When college sophomore Abigail Dina meets with 5th- through 12th-grade girls during the virtual coding camp she launched with fellow student Chelsea Amihere, she encourages them to not get caught up in stereotypes associated with STEM and to “draw your own picture” for what their educational path and eventual STEM career could look like.
“Chelsea and I believe that the way coding is taught in college can be revised to be more accessible for all students,” said Dina. “Our reach is unlimited because our camp is virtual.”
Both Dina and Amihere are studying computer science at Morgan State University (MSU), a DoD STEM partner in educational outreach through the Defense STEM Education Consortium (DSEC). They are also involved in the AspireIT leadership program through the National Center for Women in Technology (NCWIT), another DoD STEM partner. MSU and NCWIT/AspireIT awarded them DoD STEM seed money to launch a virtual coding camp to teach Java 2.0 to 25 elementary school girls in Fall 2020. The camp was a success, so from there the young women quickly organized another camp with DoD STEM funding in Spring 2021 for 45 students and included students up to 12th grade.
Building on their success, Dina and Amihere were soon awarded $25,000 from telecommunications company Ciena to conduct a 10-week camp during Summer 2021 for up to 75 students. Momentum was on their side and 100 students signed up, including many across the country. All 100 were allowed to attend the camp where students will learn how to code in programming language Python.
“I had this vision that this camp could be very influential,” said Dina. “My interest in STEM was encouraged very early through HTML coding and robotics summer camps and I wanted to share this enthusiasm with others.”
Amihere encourages students to start early and look at coding like any other foreign language, which can seem unapproachable at first and then a little less daunting as a foundation is built through persistence and different experiences. Hack-a-thons, after-school programs, competitions and even YouTube, Instagram and websites such as W3Schools are great resources for students and highly encouraged by Dina and Amihere.
Amihere says she learned how teams work by attending events like hack-a-thons in high school, before the COVID-19 pandemic. “I wish I’d known earlier how many different career paths exist for computer science graduates, so I am sure to share details with our students,” says Amihere. “STEM covers so much, including UX/UI design, software engineering, data science and project management to name just a few areas. Teamwork is the fun part for me so we emphasize that in our camps. Our students say that our camp is fun so it must be working!”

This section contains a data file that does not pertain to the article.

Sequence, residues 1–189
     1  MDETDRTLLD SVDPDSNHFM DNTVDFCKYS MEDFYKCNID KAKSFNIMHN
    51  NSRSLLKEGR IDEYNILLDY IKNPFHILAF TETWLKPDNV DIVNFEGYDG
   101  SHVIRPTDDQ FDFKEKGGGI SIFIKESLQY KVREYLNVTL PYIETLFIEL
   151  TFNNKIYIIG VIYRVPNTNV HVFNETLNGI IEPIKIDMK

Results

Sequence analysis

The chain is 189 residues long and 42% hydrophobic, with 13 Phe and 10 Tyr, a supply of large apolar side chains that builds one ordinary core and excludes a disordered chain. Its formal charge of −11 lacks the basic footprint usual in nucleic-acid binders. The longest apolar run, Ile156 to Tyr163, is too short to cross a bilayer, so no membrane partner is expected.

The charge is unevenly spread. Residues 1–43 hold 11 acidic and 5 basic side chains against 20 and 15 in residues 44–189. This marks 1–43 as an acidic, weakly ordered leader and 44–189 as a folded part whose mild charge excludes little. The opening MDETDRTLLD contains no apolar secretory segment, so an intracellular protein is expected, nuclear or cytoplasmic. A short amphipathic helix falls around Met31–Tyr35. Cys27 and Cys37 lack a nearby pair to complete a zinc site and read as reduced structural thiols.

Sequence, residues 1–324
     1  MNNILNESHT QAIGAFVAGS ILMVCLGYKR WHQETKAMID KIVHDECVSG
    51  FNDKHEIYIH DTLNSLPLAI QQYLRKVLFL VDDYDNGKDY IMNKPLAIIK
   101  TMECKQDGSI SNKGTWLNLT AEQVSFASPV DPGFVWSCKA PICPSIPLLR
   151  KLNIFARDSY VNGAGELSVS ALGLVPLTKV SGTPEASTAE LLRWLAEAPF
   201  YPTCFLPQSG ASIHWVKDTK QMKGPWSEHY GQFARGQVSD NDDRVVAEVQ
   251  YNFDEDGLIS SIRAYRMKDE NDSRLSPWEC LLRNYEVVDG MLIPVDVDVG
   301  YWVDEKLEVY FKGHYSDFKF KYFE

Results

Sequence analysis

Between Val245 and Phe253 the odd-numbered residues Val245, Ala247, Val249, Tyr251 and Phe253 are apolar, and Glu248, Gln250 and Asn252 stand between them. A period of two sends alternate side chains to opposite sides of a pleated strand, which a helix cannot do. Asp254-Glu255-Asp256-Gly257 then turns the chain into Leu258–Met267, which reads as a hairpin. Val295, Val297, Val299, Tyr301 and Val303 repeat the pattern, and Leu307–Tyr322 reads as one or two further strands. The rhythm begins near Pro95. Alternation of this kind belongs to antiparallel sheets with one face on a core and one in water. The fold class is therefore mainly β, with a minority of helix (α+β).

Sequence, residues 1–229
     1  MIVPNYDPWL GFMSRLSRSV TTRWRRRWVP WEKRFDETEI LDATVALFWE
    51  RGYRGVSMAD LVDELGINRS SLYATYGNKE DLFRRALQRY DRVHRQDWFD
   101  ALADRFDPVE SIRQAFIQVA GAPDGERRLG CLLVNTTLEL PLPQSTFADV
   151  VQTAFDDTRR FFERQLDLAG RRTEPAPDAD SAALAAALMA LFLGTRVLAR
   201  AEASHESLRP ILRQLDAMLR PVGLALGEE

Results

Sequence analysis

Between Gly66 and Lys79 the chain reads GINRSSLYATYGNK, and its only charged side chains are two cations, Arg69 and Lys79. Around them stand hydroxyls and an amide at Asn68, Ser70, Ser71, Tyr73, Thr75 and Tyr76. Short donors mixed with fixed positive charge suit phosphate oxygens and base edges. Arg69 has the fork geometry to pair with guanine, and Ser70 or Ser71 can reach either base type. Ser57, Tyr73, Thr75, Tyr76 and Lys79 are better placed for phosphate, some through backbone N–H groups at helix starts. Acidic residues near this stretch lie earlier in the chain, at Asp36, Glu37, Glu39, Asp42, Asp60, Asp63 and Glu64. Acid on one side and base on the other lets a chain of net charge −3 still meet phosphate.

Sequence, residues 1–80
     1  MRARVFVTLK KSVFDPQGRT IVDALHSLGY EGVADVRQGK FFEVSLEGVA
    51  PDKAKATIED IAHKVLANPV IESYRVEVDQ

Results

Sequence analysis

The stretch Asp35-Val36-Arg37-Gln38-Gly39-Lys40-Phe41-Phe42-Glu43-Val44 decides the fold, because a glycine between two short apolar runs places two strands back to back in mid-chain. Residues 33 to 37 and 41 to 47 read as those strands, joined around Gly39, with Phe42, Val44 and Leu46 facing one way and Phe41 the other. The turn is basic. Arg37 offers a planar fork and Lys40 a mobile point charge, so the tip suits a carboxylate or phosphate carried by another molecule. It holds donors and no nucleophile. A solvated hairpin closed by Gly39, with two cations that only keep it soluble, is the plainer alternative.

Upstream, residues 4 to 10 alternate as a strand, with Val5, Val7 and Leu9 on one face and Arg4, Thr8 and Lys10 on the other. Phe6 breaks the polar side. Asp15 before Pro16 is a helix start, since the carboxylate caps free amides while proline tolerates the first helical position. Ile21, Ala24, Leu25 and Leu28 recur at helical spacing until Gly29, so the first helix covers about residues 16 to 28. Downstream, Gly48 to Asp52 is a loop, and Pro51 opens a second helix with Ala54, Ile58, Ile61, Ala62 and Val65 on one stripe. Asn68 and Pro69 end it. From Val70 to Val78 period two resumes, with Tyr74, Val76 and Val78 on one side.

To learn more about W3Schools, visit https://www.w3schools.com. For more information about Coursera’s Python coding courses are available at https://www.coursera.org/search?query=python. More information about Udemy’s Python Complete Course for Python Beginners is available at https://www.udemy.com/course/python-complete-course-for-beginners. Additional details about DoD STEM/DSEC partners can be found at https://www.dodstem.us/about/partners.ABOUT MSU CENTER FOR EXCELLENCE IN MATHEMATICS AND SCIENCE EDUCATION
MSU’s Center for Excellence in Mathematics and Science Education (CEMSE) was created to enhance MSU’s math and science offerings for its students and to address how technology influences all aspects of society—from health and the environment to the nation’s workforce and national defense. CEMSE’s role in DSEC is to support collaborative activities between MSU students, the surrounding Baltimore community and the numerous DoD installations in the greater Washington, DC/Baltimore area.ABOUT NCWIT / ASPIREIT
NCWIT/AspireIT is designed to teach K–12 girls programming fundamentals and computational thinking in fun, creative and hands-on environments. AspireIT participants are ultimately encouraged to contribute their unique perspectives and ideas to future innovations.